Ballet is a deeply traditional art form, in which fixed steps, linked to each other in canonical ways, may be combined to create an infinite variety of dances. Lively choreography therefore demands inspired handling of the standard vocabulary, and proper performance requires disciplined training. In the late nineteenth century, academic ideals were actively rejected by artists in every genre, including dance. Ballet, however, survived the modernist movement. Its traditions, gently modified, have proved a continuing source of strength and invention.

In the twentieth century, the rigors of Russian training produced reform as well as renewal. The freedom and fire of the Ballets Russes astonished the West when Serge Diaghilev (1872–1929) brought his troupe to Paris in 1909 and every year thereafter until his death. His productions displayed to the world the integrated impact of a vigorous modernism expressed in the choreography of Michel Fokine, Vaslav Nijinsky, and George Balanchine, the music of Stravinsky, Poulenc, and Prokofiev, and the set and costume designs of Léon Bakst (22.226.1), Natalia Goncharova, Mikhail Larionov, Pablo Picasso, and Henri Matisse, among others. The impact of the Ballets Russes reverberated throughout the art world: Olga Khokhlova, one of the company’s dancers, married Picasso in 1917, and many artists, among them John Singer Sargent, Auguste Rodin, and Marc Chagall, attempted to capture the sinuous motion of Nijinsky, who was the epitome of the modern male dancer. The legacy of the Ballets Russes is still alive in the work of such companies as the New York City Ballet, founded by Balanchine in 1948.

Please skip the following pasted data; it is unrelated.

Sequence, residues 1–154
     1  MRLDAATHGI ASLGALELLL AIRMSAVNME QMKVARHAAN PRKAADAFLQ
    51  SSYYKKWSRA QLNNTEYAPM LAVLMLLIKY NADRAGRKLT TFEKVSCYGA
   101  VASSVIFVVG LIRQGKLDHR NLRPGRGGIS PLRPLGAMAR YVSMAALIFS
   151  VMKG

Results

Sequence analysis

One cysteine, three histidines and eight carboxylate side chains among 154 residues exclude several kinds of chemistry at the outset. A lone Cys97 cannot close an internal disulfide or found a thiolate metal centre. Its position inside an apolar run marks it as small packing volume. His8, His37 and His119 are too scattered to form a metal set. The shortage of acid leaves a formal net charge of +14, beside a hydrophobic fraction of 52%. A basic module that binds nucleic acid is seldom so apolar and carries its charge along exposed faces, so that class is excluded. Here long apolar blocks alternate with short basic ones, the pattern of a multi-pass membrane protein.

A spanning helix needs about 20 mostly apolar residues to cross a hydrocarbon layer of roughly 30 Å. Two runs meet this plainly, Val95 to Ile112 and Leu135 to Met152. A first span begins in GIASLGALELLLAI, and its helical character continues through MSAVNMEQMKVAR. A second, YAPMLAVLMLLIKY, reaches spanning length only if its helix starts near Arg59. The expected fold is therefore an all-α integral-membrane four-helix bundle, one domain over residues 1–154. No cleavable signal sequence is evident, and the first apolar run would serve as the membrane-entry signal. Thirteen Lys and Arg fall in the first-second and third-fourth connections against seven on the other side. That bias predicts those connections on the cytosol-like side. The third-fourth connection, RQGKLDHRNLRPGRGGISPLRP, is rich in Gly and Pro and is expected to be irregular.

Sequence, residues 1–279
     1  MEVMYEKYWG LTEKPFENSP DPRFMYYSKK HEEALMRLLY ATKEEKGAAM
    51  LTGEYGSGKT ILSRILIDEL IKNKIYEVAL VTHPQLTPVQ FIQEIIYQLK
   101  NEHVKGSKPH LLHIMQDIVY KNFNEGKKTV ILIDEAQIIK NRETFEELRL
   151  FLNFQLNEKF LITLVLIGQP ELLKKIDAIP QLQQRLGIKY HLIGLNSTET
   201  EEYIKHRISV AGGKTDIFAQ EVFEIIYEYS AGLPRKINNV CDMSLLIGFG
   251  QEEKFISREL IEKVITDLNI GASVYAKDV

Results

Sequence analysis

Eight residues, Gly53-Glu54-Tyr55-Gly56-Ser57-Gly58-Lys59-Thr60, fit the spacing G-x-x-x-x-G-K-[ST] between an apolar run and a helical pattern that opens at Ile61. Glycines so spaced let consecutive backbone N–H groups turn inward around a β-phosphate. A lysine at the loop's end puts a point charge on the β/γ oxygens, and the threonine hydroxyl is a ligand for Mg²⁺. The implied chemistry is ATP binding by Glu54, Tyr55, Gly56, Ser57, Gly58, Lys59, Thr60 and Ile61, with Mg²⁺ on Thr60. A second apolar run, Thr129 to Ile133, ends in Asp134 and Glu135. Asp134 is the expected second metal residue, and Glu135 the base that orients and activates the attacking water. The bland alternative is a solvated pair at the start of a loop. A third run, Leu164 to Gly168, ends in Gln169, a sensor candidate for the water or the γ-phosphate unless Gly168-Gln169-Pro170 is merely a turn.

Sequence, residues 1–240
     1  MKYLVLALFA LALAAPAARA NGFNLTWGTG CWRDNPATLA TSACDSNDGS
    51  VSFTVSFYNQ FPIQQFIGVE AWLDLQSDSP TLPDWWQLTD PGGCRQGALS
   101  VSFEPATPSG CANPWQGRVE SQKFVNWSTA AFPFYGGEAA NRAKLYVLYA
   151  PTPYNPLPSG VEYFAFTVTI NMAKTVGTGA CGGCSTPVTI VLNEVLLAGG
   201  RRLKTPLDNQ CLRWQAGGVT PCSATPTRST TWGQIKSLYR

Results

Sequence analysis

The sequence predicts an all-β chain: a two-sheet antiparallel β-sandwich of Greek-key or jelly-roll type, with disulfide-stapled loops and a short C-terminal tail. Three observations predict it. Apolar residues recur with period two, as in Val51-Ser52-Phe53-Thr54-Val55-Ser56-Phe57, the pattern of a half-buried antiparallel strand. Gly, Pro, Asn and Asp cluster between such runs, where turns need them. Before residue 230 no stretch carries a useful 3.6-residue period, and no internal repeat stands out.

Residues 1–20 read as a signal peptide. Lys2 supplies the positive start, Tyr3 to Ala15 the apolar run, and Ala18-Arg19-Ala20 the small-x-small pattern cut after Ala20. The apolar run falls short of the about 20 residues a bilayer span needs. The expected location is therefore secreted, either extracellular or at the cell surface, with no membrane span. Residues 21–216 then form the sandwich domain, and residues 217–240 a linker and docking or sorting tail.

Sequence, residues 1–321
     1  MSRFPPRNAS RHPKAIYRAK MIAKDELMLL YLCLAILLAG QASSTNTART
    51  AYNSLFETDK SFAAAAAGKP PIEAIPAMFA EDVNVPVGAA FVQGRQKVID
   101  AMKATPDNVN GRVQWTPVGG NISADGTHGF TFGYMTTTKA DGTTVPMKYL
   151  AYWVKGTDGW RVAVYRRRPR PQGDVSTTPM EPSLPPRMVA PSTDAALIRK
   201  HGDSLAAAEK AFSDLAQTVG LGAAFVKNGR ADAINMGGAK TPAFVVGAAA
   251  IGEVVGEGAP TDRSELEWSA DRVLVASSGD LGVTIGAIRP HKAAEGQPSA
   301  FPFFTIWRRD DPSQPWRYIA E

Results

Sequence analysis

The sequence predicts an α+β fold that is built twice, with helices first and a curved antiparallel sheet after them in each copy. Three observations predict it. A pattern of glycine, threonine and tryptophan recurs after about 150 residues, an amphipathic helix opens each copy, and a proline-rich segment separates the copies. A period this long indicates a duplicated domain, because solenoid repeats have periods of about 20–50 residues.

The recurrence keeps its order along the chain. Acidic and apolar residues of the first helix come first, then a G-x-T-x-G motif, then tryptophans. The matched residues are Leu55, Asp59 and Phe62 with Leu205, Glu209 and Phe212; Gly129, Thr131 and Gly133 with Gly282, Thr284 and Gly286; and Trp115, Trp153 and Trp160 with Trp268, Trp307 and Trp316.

The visual artist most closely associated with the ballet, however, is Edgar Degas (1834–1917), whose depictions of the dance seem to probe the very bases of the form. His large classroom scenes (1987.47.1; 29.100.184) juxtapose different types of movement, both natural and choreographed, and imply the transition between the two that dancers are continually making. In other representations, he fixes the transient poses of dancers stretching or practicing and captures the paraphernalia of the nineteenth-century practice room, including musical instruments, the barre fixed to the wall, and a watering can for moistening the floor (29.100.34; 29.100.127). Some of Degas’ works display particular poses in the ballet repertory, demonstrating his comprehension of technique (29.100.398); others probe the details and the consequences of the dancer’s life (29.100.370). Few of Degas’ works depict performances, although a notable series of pastels features a rehearsal on stage, in which dancers in costume execute their combinations around the ballet master who coaches them, while on the far right, two portly male observers sit artlessly in chairs (29.160.26; 29.100.39). Like the classroom pictures, these point out the contrast and the link between dancing and mere movement, but they also show Degas repeating and refining the same composition, very like a dancer practicing the same time-honored motion.